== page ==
Following an ill-advised cricket match in the main hall in which Boycott makes a half century (he’d brought his kitbag), they make a dash, traversing thick woodland whereupon they discover a graveyard of German soldiers alongside the final resting places of Sarah Twisteaux and three young children. Smith reveals that the demonic Gerhard has murdered his own family.

O’Toole, no stranger to shimmying an urban drainpipe in order to enter a top-floor open window, scales a 100ft cliff to organise a rescue party. Clough, Boycott, Wilson, Smith and Healy, with no head for heights, end up back at Hangingbrow Hall to their utter dejection.

A bloody battle to the death with a carnivorous version of a baggy-mouthed American kids’ TV mammoth followed by a fracas with a possessed tree starts a series of events which soon finds the demoralised five in the clutches of a hidden German SS platoon in a secretly built annexe beneath the house. Within this “Fourth Reich” hub, Twisteaux is located dressed like an extra in a school nativity play. He is an authority figure in a military-industrial bunker in which deceased and living Nazis exist side by side, under the sinister rule of the Darth Vader-like spectre of Adolf Hitler.

For Hitler’s amusement, Tony Wilson – a Granada TV news anchor when not an indie-music mogul – is invited to interview the Führer, Twisteaux and an SS major, Walter Schröder, on stage in a makeshift TV studio. The Q&A, entertaining though it is, is doomed to failure and the five are sentenced to death. Awaiting their fate, a friendly face behind a ventilation grille – Peter O’Toole, of course, accompanied by a pair of soldiers from the top-secret SAS Supernaturals wing – provide a chance of survival if they can meet circling RAF Chinooks.

Add to this volatile mix MI5, poisoned Pot Noodles, an anti-spectre prototype weapon, the ghost of Joy Division frontman Ian Curtis, time-travelling Opel Monza 3.0 GSEs, a faulty lintel, a sperm-whale oil lab, exotic Axis alcohol and a dream sequence in which Boycott professes his same-sex love for Clough, and you have an action plot that goes light years beyond 007. It is aimed at older readers and is a vague merging of Raiders Of The Lost Ark, Parkinson and The Old Grey Whistle Test.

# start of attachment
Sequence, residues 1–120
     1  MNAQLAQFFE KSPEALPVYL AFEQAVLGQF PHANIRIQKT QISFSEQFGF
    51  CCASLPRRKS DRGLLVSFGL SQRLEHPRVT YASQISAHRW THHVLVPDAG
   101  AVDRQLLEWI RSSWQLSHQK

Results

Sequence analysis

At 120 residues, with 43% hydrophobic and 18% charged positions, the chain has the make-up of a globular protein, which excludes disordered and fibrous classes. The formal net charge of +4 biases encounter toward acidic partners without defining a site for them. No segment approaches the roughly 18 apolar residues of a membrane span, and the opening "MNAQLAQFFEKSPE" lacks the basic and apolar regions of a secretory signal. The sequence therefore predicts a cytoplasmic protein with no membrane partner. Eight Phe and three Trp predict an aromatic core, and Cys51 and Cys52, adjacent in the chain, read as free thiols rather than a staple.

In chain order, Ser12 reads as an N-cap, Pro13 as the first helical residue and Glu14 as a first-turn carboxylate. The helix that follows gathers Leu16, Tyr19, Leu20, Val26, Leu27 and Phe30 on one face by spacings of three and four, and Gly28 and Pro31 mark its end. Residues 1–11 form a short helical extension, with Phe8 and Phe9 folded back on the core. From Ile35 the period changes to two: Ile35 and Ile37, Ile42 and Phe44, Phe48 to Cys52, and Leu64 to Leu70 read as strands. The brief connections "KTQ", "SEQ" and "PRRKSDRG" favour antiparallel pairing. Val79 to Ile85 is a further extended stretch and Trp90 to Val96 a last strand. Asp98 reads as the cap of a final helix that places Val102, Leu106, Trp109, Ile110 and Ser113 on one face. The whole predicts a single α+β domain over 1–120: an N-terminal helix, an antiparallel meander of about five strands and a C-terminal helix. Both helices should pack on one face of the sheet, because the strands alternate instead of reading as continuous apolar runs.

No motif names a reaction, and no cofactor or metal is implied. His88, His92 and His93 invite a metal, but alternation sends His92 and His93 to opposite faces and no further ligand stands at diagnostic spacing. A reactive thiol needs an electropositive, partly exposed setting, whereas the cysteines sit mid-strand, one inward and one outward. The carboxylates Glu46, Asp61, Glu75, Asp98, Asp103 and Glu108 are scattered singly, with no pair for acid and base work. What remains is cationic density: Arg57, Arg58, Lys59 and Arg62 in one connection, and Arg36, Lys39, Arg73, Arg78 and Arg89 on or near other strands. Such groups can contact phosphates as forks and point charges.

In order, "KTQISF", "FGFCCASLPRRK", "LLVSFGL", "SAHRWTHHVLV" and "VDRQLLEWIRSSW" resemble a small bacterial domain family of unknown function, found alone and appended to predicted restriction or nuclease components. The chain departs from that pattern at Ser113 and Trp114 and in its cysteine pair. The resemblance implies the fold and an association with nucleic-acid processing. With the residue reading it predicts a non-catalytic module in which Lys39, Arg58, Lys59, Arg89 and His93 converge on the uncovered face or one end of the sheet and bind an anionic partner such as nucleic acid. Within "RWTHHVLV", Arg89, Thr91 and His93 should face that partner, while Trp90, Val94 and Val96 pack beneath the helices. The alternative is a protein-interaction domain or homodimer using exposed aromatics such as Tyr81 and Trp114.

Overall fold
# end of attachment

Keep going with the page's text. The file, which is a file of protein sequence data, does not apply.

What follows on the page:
The author: Lee Gale

I’m a writer and sub-editor who has been involved with the magazine industry since 1992. Currently I’m chief sub at Motor Sport magazine but have been employed by the likes of GQ, Grand Designs and Jack and I’ve written for The Guardian, Independent on Sunday and Esquire. The usual subjects I cover are bands that were prominent in the 1980s, World War II aircraft, football and the mundane – things like concrete lamp-posts and the design of electricity pylons.

The idea behind this book was to bring together some of my favourite media personalities and see how they interacted in atrocious situations. I started the story just before Covid struck and when I was gratefully furloughed, I properly dived in, setting myself the task of completing a chapter every week.

Quickly, the ghost yarn became central to my existence but as my wife has remarked on a number of occasions, “It doesn’t sound very commercial.” All I know is if I saw a book titled Brian Clough, Geoff Boycott, Peter O’Toole, Tony Wilson, Mark E Smith And Tim Healy In A Haunted House Near Carlisle, 1984, I’d buy it instantly.

Interested in publishing this?